In reviewing challenges to the sufficiency of the evidence, we must view the evidence in the light most favorable to the State, giving the State the benefit of all reasonable inferences. Statev. Benson, 331 N.C. 537, 544, 417 S.E.2d 756, 761 (1992). Once the court decides that a reasonable inference of defendant's guilt may be drawn from the circumstances, then “it is for the jury to decide whether the facts, taken singly or in combination, satisfy them beyond a reasonable doubt that the defendant is actually guilty.” State v. Thomas, 296 N.C. 236, 244, 250 S.E.2d 204, 209 (1978) (emphasis in original).
    The presumption of recent possession “is to be considered by the jury merely as an evidential fact, along with the other evidence in the case, in determining whether the State has carried the burden of satisfying the jury beyond a reasonable doubt of the defendant's guilt.” State v. Baker, 213 N.C. 524, 526, 196 S.E. 829, 830 (1938). “Recent possession is not evidence of guilt; it just raises an inference that will permit the case to go to the jury under proper instructions from the court.” State v. Greene, 289 N.C. 578, 583, 223 S.E.2d 365, 368-69 (1976). The presumption of recent possession is only met if the State proves beyond a reasonable doubt that: 1) the property described in the indictment was stolen; 2) the stolen goods were found in the defendant's possession; and 3) the possession was recently after the larceny. State v. Maines, 301 N.C. 669, 674, 273 S.E.2d 289, 293 (1981). Defendant contends that the State did not present sufficient evidence of his possession of the four-wheeler.
    In discussing the doctrine of recent possession where more than one person had access to the goods, the Supreme Court has said:        The “exclusive” possession required to support an inference or presumption of guilt need not be a sole possession but may be joint. If the situation is one where persons other than defendant have equal access to the stolen goods, the inference may not arise. For the inference to arise where more than one person has access to the property in question, the evidence must show the person accused of the theft had complete dominion, which might be shared with others, over the property or other evidence which sufficiently connects the accused person to the crime or a joint possession of co-conspirators or persons acting in concert in which case the possession of one criminal accomplice would be the possession of all.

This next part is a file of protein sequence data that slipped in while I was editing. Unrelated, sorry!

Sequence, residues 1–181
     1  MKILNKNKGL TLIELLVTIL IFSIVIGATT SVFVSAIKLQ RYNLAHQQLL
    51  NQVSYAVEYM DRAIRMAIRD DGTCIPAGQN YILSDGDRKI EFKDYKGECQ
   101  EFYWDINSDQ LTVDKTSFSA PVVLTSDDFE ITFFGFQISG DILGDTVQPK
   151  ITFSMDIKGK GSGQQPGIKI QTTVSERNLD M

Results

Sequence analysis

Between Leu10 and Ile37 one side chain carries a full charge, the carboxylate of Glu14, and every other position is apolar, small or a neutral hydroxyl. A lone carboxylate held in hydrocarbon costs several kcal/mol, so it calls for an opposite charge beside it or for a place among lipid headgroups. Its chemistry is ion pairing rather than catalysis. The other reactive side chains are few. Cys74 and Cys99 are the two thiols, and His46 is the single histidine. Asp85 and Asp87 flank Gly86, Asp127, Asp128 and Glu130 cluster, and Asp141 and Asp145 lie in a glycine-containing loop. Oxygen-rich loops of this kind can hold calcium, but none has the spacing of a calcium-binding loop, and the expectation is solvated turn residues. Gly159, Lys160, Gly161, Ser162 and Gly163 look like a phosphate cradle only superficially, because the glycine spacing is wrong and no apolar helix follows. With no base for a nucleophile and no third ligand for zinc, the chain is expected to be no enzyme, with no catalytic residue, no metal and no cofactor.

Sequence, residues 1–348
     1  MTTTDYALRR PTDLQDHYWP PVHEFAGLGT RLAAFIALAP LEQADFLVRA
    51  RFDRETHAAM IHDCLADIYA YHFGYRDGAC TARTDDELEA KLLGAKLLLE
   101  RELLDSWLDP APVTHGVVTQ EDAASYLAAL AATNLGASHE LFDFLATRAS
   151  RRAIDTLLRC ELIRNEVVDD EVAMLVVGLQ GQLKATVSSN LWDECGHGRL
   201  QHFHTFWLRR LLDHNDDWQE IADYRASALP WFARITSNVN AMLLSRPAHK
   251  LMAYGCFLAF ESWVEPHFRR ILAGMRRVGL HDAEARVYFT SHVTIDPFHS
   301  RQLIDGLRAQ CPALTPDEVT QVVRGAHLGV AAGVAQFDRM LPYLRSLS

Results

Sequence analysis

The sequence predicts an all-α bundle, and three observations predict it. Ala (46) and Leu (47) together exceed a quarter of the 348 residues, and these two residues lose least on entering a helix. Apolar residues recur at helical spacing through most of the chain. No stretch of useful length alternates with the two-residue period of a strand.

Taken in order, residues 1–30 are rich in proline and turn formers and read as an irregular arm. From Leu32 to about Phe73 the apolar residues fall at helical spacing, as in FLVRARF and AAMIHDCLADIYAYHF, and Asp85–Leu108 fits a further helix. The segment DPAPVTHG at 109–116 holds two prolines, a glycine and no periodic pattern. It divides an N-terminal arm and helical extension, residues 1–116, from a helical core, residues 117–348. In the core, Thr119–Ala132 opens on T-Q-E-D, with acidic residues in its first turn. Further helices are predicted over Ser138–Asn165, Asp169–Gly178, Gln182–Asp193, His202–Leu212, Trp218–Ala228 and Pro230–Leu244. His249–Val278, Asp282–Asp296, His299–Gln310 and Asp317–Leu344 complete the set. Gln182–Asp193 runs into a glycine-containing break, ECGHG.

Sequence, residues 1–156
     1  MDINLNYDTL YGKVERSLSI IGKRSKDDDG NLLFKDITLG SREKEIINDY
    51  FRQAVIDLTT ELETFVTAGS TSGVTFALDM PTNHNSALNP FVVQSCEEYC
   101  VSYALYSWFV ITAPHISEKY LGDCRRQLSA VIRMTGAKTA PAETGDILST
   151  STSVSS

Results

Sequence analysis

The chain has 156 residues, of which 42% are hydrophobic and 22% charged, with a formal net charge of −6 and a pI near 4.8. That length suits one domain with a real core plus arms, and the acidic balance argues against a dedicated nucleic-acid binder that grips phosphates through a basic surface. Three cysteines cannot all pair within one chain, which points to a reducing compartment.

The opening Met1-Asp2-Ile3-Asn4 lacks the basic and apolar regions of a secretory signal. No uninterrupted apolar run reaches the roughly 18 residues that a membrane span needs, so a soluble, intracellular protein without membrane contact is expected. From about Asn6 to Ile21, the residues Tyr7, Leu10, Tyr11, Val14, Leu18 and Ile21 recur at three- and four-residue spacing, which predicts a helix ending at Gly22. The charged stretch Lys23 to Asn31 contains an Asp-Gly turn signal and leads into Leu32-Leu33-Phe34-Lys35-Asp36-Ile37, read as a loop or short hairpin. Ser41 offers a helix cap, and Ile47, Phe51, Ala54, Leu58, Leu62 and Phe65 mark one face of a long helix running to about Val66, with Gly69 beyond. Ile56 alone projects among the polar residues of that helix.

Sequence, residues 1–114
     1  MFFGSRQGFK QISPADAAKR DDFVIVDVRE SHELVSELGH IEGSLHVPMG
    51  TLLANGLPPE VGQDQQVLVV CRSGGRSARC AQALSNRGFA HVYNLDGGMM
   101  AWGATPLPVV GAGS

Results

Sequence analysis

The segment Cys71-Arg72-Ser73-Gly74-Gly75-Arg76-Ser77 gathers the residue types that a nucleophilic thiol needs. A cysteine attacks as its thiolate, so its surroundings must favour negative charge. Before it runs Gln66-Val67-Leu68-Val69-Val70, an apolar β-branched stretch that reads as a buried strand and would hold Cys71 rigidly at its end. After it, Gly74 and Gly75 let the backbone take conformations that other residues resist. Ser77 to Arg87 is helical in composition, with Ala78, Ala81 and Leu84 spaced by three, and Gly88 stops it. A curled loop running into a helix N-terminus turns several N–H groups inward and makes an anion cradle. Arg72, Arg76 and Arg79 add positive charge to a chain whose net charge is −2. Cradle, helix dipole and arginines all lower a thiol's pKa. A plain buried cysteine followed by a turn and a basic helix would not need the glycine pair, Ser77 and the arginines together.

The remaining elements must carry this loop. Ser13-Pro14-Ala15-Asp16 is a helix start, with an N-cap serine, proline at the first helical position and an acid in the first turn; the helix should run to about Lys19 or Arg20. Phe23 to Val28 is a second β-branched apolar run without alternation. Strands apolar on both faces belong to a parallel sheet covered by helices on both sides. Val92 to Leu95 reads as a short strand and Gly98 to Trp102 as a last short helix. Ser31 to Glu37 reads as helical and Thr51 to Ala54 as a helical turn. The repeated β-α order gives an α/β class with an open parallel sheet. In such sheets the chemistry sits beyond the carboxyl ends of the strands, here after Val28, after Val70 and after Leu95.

Maines, 301 N.C. at 675, 273 S.E.2d at 294 (internal citation omitted).
    In reviewing the evidence, giving the State every reasonable inference, we conclude that there was sufficient evidence to withstand defendant's motion to dismiss. The evidence clearly showed that defendant transported the four-wheeler in the back of his truck on the day the four-wheeler was stolen, that defendant and Cook tried to sell the four-wheeler, that in furtherance of the sale defendant started the four-wheeler for Stiltner and that defendant and Cook told Amber that the four-wheeler was stolen. Any contradictions or discrepancies in the evidence are properly resolved by the jury. State v. Brown, 310 N.C. 563, 566, 313 S.E.2d 585, 587 (1984). We conclude that the trial court did not err in denying the defendant's motion. Accordingly, defendant's assignment of error fails.
    Defendant failed to set out his remaining assignments of error in his brief. Because he has neither cited any authority norstated any reason or argument in support of those assignments of error, they are deemed abandoned. N.C. R. App. P. 28(b)(6).
    No error.
    Judges GEER and LEVINSON concur.
    Report per Rule 30(e).